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Macon-Bibb Elections on the Minds of Most Local Citizens

Charlotte Mays, Willie Moore, and Marcus Brookias

by Clarence Thomas, Jr.

Fasten your seat belts! It's going to be a wild ride the next few weeks if the race to be the winner following the May 24th elections is as heated as it has been.

A slew of non-partisan and Democratic seats are up for grabs. Here's whose running and against whom. For a spot around the Macon-Bibb County Commission table three incumbents will have to fend off challengers. Larry Schlesinger of District 2 is vying for a return against independent consultant Stanley P. Brown. Popular District 5 commissioner Bert Bivens is facing retired fireman and businessman Leroy Jarrell as veteran politician Ed DeFore of District 6 works to offset challengers Joe Allen, a former commissioner, and former Macon-Bibb Emergency Management director Donald Druitt.

On the education front, children's advocate Tina Dennard is looking to unseat longtime educator and former Bibb County School District board president Thelma Dillard in a race to be the school system's District 2 representative as District 6 representative Jason Downey fights to keep his place on the school board against business owner Bob Easter and insurance adjuster Valerie Wynn. In a three person race for the school board District 5 seat former Macon City Councilman James Timley, political activist and realtor Jerome Collins and neighborhood revitalization manager Sundra Woodford are mixing it up. And in a bid for the school systems 4th District seat entrepreneur Jeff Moody is looking to upend incumbent Lester Miller.

Veteran Macon Water Authority board member Javors Lucas is trying to hold off commercial driver Harold Franklin and stay on as the MWA representative for District 2. Former Macon Mayor C. Jack Ellis is working towards being the county's next Tax Commissioner, but has to get pass incumbent Wade McCord. Rounding out local races is a three-way competition between current Macon-Bibb County Sheriff David Davis, retired lawman Mike Smallwood and political new comer Tim Rivers. Sitting Mayor Robert Reichert will return again for a third time by default following political veteran, the late Lonzy Edwards having to drop out the mayoral race recently due to health related reasons before passing unexpectedly April 29th.

Outside of Macon the most hotly contested and engaging race has to be between former Senator of Dist. 26 Miriam Paris and political veteran Gerald Harvey. Both are vying for District 142 seat held by Macon's own Rep. Nikki Randall. Randall represented Dist.142 for 17 years, but in March she decided against running again. That left an opening for Paris, Harvey and Macon-Bibb blight buster and businessman Frank Austin to spar over the post. Austin was disqualified recently because of confusion concerning his home address, leaving Paris and Harvey to battle.

In addition to the numerous debates, endorsements and campaign stops taking place, awareness efforts have been a prolific part of this spring's political process. The most notable being an April 15 press conference at the Terminal Station held by Kwanzaa Cultural Access Center, the local League of Women's Voters and other organizations. In that news event KCAC president and co-founder George Muhammad along with LWV president Adah Roberts and concerned citizen Antonio Ross reminded voters that May 24th is election day, but that they could cast their votes beginning May 2-20th during early voting. In addition, viewers, readers and listeners of the press conference were reminded that the Terminal Station is a precinct as well now to provide a convenient location for those on the eastside and working and living in downtown.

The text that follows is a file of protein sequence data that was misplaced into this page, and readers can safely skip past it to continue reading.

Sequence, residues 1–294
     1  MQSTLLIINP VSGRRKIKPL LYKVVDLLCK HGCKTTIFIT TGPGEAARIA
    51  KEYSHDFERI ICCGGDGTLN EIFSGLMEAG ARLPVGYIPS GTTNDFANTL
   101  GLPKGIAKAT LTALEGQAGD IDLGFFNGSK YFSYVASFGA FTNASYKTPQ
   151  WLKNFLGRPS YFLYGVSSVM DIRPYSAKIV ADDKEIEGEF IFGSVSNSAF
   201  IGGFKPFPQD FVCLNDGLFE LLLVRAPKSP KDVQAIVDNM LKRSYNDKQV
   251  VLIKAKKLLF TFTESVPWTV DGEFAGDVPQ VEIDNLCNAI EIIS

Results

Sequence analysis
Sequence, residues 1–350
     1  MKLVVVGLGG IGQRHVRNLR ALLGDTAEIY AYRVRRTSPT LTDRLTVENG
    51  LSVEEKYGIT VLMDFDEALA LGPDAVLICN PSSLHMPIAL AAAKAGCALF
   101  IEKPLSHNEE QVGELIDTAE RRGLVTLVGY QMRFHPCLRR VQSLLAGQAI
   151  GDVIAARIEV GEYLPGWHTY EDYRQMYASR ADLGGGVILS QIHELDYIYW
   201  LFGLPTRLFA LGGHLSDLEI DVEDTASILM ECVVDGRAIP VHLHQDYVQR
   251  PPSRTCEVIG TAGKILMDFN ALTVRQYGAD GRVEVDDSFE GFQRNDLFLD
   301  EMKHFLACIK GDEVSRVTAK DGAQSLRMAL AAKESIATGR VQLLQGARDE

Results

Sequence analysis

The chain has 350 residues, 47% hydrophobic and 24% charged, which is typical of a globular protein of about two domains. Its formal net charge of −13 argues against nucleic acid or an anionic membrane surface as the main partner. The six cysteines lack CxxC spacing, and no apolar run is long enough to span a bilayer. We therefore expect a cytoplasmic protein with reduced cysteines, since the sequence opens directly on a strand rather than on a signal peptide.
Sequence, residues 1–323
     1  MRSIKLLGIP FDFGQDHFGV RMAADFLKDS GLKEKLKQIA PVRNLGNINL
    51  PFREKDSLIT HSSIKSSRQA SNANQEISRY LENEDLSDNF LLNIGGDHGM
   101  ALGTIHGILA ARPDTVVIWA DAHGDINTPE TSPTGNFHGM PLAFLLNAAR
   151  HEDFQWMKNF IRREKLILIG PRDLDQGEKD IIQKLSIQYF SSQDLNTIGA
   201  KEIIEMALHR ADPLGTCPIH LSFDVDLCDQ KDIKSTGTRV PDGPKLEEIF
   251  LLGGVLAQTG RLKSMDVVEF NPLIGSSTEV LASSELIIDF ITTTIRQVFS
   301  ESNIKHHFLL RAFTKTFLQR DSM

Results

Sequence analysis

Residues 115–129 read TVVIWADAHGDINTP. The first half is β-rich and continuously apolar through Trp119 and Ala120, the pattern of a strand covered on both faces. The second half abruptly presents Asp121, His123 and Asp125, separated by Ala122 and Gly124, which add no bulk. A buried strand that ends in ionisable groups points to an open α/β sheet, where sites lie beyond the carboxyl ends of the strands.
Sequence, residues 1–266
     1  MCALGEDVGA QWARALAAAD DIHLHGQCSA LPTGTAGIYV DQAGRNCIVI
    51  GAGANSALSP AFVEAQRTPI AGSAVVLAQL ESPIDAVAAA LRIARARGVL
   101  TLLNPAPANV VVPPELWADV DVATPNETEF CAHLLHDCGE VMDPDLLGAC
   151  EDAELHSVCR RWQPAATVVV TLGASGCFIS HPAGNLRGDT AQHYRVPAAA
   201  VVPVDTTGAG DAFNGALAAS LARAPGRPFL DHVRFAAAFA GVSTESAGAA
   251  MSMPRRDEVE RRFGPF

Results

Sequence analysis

With all this politically related activity taking place rarely is the man and woman in the street heard from. As a result, the Middle Georgia Informer took to the pavement recently during the annual Tubman Museum sponsored Pan African Festival and talked to three local citizens about what was on their minds concerning this year's elections. Here's what they had to say.

Willie Moore of Macon in respect to the date of May 24th said: "If the people are willing to vote I don't see a problem with the date, especially the people with no opposition because them there is no race. Voting early doesn't bother me because I’m still going to vote for who I'm going to vote for."

Charlotte Mays, an activity director with Medical Management Health and Rehab Center commented: "I don't have a problem with early voting. I think it gives you a chance to get out before crunch time and get your vote in. Either you want to vote or you don't." She added, "I think they need more voting polls, but get out and vote. If you don't vote, then you don't have a voice. Every vote counts."

Marcus Brookias, an 18-year-old registered voter at Howard High School commented that: "Everyone should have the right to vote. Young people especially need to get involved so that you can have an opinion on record when it counts."

There you have folks. In their words...and ours. See you at the polls! (wink)

For more information about voting contact the Macon-Bibb County Board of Elections at 621-6622 or visit their offices at 2445 Pio Nono Avenue in Macon. Additional information about voting can be found at



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